Their website and campaign is called “Don’t corrupt Aid”. That is (in my opinion) a tactical blunder to use such inflammatory language. If they think that will help convince key Ministers.
But regardless of their silly title, what are the issues. There appear to be three:
- Should the aim of NZ Aid be “poverty elimination” to “economic development”?
- Should aid policy be independent of foreign policy?
- Should NZ Aid remain a semi-autonomous body or be fully reintegrated back into MFAT?
Now the NGOs lobbying for their point of view are all massive recepients of funding from NZ Aid, so there is a certain amount of vested interests at work. And not all aid NGOs are supporting the campaign – I note the Red Cross is not a participant. Anyway to the issues:
Poverty Elimination vs Economic Development
I think this issue is much ado about nothing. Both are about the same thing – helping citizens of less developed countries having a higher standard of living. You eliminate poverty through economic development. No one has ever found any other way to do it.
Murray McCully has said you could throw dollar notes out of a helicopter and call that poverty elimination. Now he never said this is what NZ Aid is doing (his critics who claim this are being dishonest) – he said the goal is too wide, as it would allow that.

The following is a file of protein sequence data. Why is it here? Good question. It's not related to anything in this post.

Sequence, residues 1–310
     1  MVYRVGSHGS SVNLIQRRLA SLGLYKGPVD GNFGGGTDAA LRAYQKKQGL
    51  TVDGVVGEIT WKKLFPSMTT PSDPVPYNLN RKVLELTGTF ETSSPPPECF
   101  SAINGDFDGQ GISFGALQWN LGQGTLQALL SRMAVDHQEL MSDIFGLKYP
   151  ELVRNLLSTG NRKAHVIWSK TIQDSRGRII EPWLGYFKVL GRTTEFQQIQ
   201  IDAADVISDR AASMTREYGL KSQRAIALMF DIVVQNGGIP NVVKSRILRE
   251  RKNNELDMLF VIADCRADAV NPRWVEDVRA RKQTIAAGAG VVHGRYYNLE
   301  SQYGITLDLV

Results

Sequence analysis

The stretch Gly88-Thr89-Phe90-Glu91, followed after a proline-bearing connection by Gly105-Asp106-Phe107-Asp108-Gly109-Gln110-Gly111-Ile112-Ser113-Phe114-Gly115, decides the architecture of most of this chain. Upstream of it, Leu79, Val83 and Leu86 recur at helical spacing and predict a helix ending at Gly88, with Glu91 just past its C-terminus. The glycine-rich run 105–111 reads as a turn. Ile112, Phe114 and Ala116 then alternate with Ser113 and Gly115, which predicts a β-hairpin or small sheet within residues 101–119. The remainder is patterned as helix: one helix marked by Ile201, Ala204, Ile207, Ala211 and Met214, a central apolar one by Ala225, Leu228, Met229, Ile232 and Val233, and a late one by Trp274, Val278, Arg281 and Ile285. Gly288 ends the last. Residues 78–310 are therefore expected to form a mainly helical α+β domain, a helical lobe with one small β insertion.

So really I just see it as saying we want poverty elimination through economic development.
Some of the NGOs claim economic development will mean the money goes to wealthy elites, instead of the poor. They seem to be caught up in socialist rhetoric.
Aid Policy vs Foreign Policy
Let me let you into a secret. No matter what the Government says publicly, aid policy is always tied into a country’s foreign policy. Look at what AusAid says:
The aim of the program is to assist developing countries reduce poverty and achieve sustainable development, in line with Australia’s national interest.
Why is most of our aid money spent in the Pacific? Because that is where it most serves our national interest. If were not worried about NZ’s national interest, we would then pick the country most in need, and give them 100% of our aid budget. There is a reason we spread it around various countries and regions.
So when the campaign says aid policy should not be “corrupted” by foreign policy, it is nonsense. Every government on Earth “corrupts” their aid that way. Some may not admit it, but they all do. And frankly it is bizarre to suggest we should give money out in a way where we ignore NZ’s interests.
Should NZ Aid remain semi-autonomous?
Here is where I largely agree with the NGOs. I am open to persuasion, but it seems to me you can achive what you want (in terms of new focus) without doing a full merger back into MFAT. I suspect the costs will be significant, it will mean many staff spend all their time on structural and systems changes instead of actual Aid delivery, and may dilute focus.
NZ Aid is not fully autonomous. It’s Director is appointed by the MFAT Chief Executive, and if there are concerns about whether NZ Aid is taking into account foreign policy goals sufficiently – then that can be dealt with by way of instruction and delegations to the Director of NZ Aid.
Having said that, I am open to persuasion, and look forward to seeing what the SSC reviews say are the costs and benefits.